A bank is not obligated to pay a check that is presented more than six months after its date of issue, but may do so if it wishes. (Commercial Code § 4404)
There is no law that prohibits a check writer from postdating a check (giving it a date in the future). However, a bank has no duty to respect that limit, and may pay the check in advance of its stated date, unless the customer gives notice to the bank of the postdating, describing the check with reasonable certainty. (Commercial Code § 4401)
It is a violation of the Fair Debt Collection Practices Law for a debt collection agency or a creditor who regularly collects its debts to deposit a postdated check before its due date. (15 USC 1692f(4))
"The presentation of a postdated check is not subject to the civil or penal sanctions" that would normally apply to someone who wrote a check with insufficient funds because the postdated check promises "to discharge a present obligation at a future date" and that money would be available to meet the debt when the check is cashed.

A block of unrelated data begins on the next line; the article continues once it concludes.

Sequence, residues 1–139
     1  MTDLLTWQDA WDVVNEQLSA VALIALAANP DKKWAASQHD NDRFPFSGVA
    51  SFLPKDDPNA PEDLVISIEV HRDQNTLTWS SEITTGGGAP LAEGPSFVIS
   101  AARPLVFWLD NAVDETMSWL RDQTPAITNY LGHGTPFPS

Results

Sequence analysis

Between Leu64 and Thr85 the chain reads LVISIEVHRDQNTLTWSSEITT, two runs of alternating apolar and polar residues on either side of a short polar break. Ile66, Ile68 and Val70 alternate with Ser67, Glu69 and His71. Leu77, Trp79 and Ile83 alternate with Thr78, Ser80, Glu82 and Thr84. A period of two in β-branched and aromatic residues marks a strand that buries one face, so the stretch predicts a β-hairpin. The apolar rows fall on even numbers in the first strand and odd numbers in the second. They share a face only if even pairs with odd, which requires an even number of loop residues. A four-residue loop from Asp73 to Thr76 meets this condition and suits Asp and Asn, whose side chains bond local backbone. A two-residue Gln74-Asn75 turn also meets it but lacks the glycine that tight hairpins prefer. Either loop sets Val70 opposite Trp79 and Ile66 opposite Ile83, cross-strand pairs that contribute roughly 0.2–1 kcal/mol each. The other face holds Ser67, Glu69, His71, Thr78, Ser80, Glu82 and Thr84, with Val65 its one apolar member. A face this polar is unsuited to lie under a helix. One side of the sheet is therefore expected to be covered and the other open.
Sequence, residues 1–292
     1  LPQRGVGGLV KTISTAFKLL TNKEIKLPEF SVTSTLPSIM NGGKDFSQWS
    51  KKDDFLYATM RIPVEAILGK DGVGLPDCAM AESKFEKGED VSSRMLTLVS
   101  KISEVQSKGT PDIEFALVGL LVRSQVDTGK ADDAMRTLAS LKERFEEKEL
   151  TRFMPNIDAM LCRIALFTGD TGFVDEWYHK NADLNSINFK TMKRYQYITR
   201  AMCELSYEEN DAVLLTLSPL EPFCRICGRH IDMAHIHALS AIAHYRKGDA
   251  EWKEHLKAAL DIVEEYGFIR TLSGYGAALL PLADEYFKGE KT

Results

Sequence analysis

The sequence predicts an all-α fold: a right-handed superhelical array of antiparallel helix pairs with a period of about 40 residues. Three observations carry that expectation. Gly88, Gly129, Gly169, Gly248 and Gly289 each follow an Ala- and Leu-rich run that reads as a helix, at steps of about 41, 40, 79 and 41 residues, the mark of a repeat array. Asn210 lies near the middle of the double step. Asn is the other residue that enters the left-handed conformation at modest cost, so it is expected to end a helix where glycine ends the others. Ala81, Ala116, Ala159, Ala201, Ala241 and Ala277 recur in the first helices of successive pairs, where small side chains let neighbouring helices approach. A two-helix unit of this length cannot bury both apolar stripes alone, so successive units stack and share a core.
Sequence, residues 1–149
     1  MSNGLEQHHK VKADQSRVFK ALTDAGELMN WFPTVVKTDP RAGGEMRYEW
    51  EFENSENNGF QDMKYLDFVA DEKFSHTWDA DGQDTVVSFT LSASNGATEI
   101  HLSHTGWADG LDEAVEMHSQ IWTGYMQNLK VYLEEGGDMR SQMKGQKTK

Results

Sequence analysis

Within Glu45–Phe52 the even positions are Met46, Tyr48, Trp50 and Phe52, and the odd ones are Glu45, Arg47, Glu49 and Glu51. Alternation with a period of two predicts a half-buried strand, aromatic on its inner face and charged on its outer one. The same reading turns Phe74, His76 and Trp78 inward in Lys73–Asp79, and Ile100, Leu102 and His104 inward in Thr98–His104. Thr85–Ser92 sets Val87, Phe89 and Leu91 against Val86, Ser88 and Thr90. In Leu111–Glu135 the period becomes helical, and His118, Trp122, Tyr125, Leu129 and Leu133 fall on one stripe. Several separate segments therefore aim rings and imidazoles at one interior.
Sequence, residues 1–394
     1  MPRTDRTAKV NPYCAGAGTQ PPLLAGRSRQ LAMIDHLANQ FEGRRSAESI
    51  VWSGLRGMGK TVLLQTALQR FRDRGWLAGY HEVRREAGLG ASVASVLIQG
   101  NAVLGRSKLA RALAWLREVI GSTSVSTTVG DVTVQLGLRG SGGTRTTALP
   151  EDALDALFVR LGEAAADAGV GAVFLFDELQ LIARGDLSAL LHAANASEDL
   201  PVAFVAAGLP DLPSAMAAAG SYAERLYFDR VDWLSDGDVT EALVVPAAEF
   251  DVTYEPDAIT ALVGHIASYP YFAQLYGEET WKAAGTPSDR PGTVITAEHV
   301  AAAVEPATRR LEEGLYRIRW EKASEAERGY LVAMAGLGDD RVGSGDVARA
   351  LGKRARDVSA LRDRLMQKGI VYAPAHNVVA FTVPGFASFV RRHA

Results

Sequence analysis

Should the question arise the check is "postdated", there should be no problem if the debtor wrote the words "postdated" above the date of any of the checks submitted, however, without this kind of documentary evidence, it may be difficult for the debtor to prove the checks were "postdated". A judge might have to see whether the checks given in evidence bear sequential serial numbers, or appear to have been written at the same time. Such evidence infers the "checks" were postdated.
Special rules apply if a check postdated by more than five days is given to a debt collection agency or a creditor who regularly collects its own debts. The payee must give notice to the check writer at least three days, but not more than ten days, prior to depositing. (15 USC 1692f(2))